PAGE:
IFC Films is re-releasing Claude Lanzmann’s nine-and-a-half hour landmark French documentary, Shoah to celebrate its twenty-fifth anniversary. On December 10 the film will screen at New York City’s Lincoln Plaza Cinemas and at the IFC Center on Christmas Eve; it will break nationally in the new year.
The epic film, which took Lanzmann twelve years to make, features interviews (not historical footage) with Holocaust survivors, perpetrators and bystanders from fourteen different countries, and re-visits Holocaust crime locations. When he first presented the film in 1985, Lanzmann announced: “Making a history was not what I wanted to do. I wanted to construct something more powerful than that. And, in fact, I think that the film, using only images of the present, evokes the past with far more force than any historical document.” He is now thrilled to see the film presented by IFC to New York audiences again:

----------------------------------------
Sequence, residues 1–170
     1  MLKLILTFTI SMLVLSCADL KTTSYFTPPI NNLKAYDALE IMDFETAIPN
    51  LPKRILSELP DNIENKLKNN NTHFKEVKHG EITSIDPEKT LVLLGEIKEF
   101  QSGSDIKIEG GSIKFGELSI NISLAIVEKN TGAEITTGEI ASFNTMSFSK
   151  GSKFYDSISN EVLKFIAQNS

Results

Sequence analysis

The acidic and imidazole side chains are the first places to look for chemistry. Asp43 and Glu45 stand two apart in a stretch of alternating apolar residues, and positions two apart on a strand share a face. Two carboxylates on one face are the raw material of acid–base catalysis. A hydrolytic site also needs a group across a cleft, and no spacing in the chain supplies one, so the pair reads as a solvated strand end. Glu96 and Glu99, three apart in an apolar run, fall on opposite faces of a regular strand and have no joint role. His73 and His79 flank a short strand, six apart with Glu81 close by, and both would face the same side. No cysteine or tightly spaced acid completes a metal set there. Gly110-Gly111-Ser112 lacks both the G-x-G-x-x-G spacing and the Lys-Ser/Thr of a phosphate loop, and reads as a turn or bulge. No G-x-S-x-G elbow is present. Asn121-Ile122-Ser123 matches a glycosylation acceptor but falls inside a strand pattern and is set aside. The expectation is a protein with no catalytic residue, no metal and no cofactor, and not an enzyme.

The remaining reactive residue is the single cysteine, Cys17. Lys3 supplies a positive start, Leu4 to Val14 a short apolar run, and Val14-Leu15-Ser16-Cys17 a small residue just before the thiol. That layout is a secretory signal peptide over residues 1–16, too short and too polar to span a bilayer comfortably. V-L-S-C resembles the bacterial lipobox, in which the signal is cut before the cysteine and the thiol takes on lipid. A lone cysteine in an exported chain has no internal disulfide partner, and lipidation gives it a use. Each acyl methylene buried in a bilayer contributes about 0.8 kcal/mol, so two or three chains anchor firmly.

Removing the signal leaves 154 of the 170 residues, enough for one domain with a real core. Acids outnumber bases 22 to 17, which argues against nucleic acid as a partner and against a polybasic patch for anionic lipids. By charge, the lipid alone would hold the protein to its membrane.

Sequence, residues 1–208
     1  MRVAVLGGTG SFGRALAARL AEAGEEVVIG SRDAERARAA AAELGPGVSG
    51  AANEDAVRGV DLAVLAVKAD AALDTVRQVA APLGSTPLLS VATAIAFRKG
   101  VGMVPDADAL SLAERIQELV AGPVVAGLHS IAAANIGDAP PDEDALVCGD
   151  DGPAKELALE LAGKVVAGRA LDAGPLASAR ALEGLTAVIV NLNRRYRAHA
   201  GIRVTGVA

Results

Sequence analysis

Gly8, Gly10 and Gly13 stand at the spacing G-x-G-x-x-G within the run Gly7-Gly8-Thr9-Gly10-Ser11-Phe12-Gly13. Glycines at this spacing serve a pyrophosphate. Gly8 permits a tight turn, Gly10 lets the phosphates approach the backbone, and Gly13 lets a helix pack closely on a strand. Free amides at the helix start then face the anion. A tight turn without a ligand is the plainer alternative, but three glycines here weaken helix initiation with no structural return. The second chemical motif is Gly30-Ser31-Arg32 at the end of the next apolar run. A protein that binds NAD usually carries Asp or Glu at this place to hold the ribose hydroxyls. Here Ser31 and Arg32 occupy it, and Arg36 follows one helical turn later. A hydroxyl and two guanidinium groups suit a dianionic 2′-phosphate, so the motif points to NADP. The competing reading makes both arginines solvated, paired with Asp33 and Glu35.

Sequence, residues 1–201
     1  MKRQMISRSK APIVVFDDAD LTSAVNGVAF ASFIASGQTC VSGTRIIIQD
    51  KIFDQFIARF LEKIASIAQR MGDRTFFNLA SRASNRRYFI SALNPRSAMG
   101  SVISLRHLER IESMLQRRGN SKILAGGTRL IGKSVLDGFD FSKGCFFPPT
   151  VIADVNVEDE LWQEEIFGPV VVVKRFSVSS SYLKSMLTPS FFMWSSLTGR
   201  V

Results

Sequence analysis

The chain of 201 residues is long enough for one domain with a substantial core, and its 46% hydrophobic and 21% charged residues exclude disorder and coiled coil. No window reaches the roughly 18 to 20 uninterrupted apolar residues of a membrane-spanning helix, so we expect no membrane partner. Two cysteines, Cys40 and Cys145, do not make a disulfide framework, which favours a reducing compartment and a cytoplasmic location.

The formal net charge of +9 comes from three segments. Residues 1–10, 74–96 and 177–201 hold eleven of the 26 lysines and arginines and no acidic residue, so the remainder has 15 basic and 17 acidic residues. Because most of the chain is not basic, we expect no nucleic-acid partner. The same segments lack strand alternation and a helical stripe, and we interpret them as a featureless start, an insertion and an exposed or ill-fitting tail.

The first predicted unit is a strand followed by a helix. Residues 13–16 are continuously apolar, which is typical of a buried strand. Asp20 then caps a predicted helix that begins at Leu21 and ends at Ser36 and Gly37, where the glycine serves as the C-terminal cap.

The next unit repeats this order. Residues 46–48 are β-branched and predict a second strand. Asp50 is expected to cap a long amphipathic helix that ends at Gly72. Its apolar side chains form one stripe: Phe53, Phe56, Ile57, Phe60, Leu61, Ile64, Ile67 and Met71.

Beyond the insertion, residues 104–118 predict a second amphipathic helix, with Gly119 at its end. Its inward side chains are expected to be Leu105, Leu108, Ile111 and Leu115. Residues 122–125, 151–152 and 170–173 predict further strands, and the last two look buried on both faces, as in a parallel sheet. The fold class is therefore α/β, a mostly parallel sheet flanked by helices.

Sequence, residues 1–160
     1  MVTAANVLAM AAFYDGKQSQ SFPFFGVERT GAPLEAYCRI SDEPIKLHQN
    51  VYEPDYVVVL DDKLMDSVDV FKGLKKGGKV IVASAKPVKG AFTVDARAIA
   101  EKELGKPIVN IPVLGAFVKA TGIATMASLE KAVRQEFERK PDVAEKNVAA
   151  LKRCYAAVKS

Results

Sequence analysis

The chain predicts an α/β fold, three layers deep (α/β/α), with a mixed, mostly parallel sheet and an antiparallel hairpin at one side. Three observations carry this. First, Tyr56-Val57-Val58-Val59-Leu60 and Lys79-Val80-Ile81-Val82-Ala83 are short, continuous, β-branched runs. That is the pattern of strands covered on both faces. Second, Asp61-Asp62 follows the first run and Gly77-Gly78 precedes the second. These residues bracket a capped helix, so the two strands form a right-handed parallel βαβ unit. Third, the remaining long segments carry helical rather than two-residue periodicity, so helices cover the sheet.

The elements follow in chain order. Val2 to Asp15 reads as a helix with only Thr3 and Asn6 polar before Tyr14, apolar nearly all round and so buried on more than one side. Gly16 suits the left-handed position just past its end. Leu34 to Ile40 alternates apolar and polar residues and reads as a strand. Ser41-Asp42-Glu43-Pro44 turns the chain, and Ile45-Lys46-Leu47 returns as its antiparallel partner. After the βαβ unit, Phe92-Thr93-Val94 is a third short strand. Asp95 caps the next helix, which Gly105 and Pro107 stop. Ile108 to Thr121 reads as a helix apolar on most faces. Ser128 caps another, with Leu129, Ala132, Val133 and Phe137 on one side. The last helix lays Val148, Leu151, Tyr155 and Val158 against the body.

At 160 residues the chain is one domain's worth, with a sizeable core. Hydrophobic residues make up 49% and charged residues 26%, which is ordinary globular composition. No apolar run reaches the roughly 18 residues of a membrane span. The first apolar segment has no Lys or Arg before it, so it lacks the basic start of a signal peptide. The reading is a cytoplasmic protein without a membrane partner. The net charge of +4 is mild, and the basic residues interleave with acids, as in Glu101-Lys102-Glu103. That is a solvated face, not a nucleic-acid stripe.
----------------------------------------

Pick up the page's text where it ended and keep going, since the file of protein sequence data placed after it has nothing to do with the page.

“Museums come to terms with death and institute forgetting as well as memory. On the contrary, Shoah, because it is an incarnation, because nothing will ever replace Abraham Bomba’s tears, Filip Müller’s reverberating voice, or the minute-by-minute description of the executions in Treblinka by the Unterscharführer Franz Suchomel or Polish train conductor Henrik Gavkowski, SHOAH is an absolute barricade, the true wall against oblivion. Memory is reactivated every time SHOAH is presented in the world, in Europe, in Asia, in America. IFC Films’ decision to re-release Shoah theatrically with two new 35mm prints after 25 years is, for me, like a new birth for the film. For years, Shoah has been incomprehensibly absent from New York’s cinemas. It is high time to show it again, and I thank the young distributors at IFC Films for having understood this.”